Chew On This: Heat, flames and the Kindle

Things change. Get used to it.


With each new week, countries collaborate, hunters hunt, associates associate, narratives narrate, gardeners garden and everything eventually plays its part in modifying the world in which we live. (If you did not catch it the first time around, read the previous sentence again, paying close attention to the alliterative pairs of words to see what they spell. Maybe your perspective will change.)


If you take a look at your life last year, you will undoubtedly see that change has made its mark, big or small as it may be. Even in the last few months, change has been rearranging our world.


Xinwei Wang, an Iowa State associate professor of mechanical engineering, recently conducted a study on thermal conductivity in spider webs and emerged from his study with extraordinary results. Wang found that spider silk conducts heat at the rate of 416 watts per meter Kelvin — beating copper by 15 watts and harnessing conductivity nearly 700 times greater than that of skin tissue.


Apparently, spider silk boasts the highest thermal conductivity for organic materials, even besting excellent conductors like silicon, pure iron and aluminum. Wang also discovered that stretching the silk to its limit increases its conductivity — an unusual effect in the world of conductors. These recent findings might very well lead to innovations with basic applications in life: cooler clothes, better bandages and exceptional electronics. (The alliteration was purely for fun this time.)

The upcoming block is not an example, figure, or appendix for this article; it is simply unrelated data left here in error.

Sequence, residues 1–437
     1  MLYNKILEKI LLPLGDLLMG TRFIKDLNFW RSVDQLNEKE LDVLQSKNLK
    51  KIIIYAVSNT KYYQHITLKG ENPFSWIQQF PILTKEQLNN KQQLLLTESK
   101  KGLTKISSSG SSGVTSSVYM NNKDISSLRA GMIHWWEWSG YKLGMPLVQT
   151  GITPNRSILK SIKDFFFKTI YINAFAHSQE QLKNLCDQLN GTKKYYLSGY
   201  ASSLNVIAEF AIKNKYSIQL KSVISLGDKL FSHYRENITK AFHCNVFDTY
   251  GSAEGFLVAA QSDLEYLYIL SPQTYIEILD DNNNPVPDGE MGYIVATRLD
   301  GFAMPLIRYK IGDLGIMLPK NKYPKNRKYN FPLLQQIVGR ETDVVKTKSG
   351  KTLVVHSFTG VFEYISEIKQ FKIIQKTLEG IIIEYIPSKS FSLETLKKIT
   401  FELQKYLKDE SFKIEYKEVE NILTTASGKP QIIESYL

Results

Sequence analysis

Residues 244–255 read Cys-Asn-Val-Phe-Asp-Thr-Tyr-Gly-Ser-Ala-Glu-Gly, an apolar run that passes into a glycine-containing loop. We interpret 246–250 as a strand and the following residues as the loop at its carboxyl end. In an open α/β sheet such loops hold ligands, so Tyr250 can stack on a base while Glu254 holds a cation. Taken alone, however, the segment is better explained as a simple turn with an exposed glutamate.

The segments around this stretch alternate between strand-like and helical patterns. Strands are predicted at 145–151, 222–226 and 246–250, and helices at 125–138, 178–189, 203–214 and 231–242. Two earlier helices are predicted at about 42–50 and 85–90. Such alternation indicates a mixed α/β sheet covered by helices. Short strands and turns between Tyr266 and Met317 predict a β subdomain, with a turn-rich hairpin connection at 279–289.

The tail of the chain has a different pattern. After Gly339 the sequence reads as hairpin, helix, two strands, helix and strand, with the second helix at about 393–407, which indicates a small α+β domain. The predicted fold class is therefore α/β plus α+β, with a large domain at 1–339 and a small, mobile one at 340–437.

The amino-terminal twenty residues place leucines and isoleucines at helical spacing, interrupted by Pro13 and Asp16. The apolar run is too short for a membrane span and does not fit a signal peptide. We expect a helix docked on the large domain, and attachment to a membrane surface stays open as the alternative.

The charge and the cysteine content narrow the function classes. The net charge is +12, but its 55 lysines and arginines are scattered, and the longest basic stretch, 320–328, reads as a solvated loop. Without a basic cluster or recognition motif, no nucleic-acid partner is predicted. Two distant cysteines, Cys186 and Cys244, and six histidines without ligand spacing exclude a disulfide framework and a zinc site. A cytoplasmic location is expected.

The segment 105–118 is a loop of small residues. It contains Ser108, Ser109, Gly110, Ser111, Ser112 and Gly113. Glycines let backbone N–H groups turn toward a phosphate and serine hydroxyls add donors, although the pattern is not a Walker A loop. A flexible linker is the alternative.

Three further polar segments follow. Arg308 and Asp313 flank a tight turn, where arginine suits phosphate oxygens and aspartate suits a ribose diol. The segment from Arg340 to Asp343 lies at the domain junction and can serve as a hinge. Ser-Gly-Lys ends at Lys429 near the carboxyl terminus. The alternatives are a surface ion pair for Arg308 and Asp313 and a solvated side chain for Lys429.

Now flip the pages of time back 2000 years or so and you will notice gigantic gaps between the common characteristics of marketplace conversation. For the Greeks, as they made their way through the agora, the topic of the universe’s four elements might arise. Nowadays, the 118 elements of the periodic table might come up in a discussion between scientists out for coffee or even fifth graders out for recess.


Ideas change and as they do, perceptions do, too.


As one of the four elements in ancient Greek thought, fire is something that is good at throwing the mind for a loop.


Contrary to what you might have believed growing up, fire itself is not matter; it results from matter’s metamorphosis from one form to another. When oxygen and a fuel of some sort react chemically, gases ascend into the air, along with carbon atoms that emanate light when heated up. That is what gives the appearance of a flame.


The inner workings of fire’s mechanisms go far beyond what I just touched upon, but the truth still remains: Fire, as we know it, is a façade. Only a closer look can shed light on its true nature.


One more change in the world that caught my attention just last week was the role of the encyclopedia. The English-language’s eldest encyclopedia is leaving behind its hardback binding and transitioning to the digital realm of existence, tagging along with popular, new e-readers (like the Kindle Fire, for instance).


As changes take place — all the way from the laboratory holding Wang’s specimens to the bookcase holding the last edition of Britannica — we change, too. Change is here. Let us make the most of it.




Mark Miller is a sophomore journalism major from Lancaster, Penn. He loves traveling near and far because he gets the opportunity to visit new places and see new faces. A poet and musician at heart, he also enjoys learning new languages. He often spends time outside, watching hummingbirds fly by, and he gets a kick out of playing tennis with friends every now and then.


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